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Waldorf Education: A Teacher's Perspective

Updated: Apr 9, 2022

According to Waldorf education's founder, Rudolf Steiner the fundamental purpose of the educational endeavour is to 'develop free human beings who are able of themselves to impart purpose and direction in their lives. The need for imagination, a sense of truth and a feeling of responsibility'. These tenets have the cornerstones of my teaching endeavours over thirty- five years in four different Steiner schools. They aren't necessarily measurable but they are palpable when you meet a majority of ex-Steiner school students. They carry themselves with an assurance about the world they live in and more often than not seek to be positive agents of change in their communities.

Of course, parenting has a significant influence in developing these traits and one of the strengths of Waldorf education, especially in the primary years is the ongoing nurturing relationship between parent(s) and teacher that develops with the primary teacher ideally staying with the same class for seven years. Education is seen as a mutual undertaking between home and school so the child feels safely held by this relationship and the strong sense of community developed between people involved in a mutual enterprise over a long period of time. The child has the security of belongingness. From here we try to develop the traits and aspirations expressed in my first sentence.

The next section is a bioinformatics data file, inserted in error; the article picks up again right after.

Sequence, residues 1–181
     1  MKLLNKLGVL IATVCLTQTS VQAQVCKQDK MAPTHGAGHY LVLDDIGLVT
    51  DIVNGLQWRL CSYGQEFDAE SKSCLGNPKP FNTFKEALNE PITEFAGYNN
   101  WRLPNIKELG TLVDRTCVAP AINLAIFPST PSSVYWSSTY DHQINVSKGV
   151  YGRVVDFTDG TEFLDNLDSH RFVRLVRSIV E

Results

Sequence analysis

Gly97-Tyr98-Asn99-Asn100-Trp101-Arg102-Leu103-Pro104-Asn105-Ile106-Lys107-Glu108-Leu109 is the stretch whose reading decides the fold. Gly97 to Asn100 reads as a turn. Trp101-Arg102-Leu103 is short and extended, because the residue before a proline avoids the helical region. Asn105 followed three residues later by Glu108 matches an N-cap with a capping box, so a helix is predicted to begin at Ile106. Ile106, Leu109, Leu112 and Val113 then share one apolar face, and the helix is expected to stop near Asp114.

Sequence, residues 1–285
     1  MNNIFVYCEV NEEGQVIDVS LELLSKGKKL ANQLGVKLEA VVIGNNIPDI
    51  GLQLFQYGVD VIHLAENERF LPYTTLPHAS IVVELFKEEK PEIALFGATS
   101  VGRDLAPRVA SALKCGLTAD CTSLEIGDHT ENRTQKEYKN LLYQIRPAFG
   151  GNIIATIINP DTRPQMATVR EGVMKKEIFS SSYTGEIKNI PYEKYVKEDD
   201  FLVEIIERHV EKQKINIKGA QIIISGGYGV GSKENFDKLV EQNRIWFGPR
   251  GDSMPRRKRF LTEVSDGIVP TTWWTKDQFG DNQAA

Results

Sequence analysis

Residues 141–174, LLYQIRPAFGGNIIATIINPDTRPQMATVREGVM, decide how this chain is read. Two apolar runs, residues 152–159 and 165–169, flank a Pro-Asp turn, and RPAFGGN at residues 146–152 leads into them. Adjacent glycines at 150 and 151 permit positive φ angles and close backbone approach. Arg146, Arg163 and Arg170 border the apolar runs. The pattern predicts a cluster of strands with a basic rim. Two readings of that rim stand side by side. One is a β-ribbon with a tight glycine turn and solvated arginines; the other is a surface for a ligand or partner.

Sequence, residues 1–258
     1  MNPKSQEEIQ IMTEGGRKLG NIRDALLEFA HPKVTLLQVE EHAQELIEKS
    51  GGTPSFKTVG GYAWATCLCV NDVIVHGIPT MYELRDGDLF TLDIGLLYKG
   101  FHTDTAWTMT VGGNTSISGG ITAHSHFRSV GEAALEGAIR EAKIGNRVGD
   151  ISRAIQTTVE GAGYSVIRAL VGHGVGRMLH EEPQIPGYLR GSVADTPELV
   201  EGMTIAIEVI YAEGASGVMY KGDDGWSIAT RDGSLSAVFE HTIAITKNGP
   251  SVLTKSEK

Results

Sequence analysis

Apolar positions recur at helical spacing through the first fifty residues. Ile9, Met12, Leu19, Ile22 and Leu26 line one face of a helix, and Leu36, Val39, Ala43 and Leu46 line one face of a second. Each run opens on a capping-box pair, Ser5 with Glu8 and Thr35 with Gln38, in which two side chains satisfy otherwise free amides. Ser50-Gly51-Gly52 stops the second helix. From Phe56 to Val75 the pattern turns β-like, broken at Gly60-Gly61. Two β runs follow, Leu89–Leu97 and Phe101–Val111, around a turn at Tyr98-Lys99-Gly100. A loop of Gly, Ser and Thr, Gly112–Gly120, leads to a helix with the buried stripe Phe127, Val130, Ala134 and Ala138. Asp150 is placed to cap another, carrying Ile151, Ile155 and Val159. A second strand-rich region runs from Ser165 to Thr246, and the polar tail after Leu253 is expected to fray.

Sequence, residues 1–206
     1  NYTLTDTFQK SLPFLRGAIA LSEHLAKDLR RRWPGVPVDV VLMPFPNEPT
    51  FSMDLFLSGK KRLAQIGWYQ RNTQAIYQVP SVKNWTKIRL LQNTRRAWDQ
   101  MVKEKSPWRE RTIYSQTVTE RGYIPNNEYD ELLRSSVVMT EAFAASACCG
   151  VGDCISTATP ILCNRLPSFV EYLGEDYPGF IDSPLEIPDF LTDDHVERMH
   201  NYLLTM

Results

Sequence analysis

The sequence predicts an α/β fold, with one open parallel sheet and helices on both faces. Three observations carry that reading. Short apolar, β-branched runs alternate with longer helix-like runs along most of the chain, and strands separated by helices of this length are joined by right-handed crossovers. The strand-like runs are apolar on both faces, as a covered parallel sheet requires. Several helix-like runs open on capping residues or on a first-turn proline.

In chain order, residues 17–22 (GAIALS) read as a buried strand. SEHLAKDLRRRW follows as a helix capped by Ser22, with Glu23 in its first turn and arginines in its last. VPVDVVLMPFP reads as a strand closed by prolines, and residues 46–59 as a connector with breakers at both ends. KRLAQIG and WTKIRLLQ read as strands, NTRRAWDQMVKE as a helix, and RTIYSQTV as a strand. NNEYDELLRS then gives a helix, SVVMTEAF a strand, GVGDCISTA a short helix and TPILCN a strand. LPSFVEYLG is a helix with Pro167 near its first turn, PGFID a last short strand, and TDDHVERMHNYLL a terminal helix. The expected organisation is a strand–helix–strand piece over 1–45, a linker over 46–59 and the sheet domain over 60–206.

This blog is intended to briefly explain our approach to enabling individuals 'of themselves to impart purpose and direction in their lives.

By Class Three the warm nurturing embrace is being loosened and replaced by the sense that ' I have a place on this earth and a destiny awaits me'. The curriculum and general pedagogy develop this embryonic sense of purpose and feeling of direction in one's life through practical activities (my classes have built a weatherboard chicken house with form-worked rock footings, a single room hut that sleeps 15 and landscaped a wilderness area for frogs and chickens) and biographical stories often gleaned from the Old Testament. Fear not, Atheists and non-Christians our curriculum accesses an enormous variety of cultural, metaphysical and mythological sources. In high school, the Work Experience programs allow students to work in primary, manufacturing and service industries. Some classes that I know and have been involved with have participated in Aid Programs in India, Cambodia and China. The curriculum is metaphorically and literally based on biographical development and be experienced by each student as relating to them specifically albeit in a variety of ways and with different levels of consciousness.

When I next write it will be towards the notion of developing 'free' human beings. A lofty ideal to say the least.


Beautifully written by Mark Molloy


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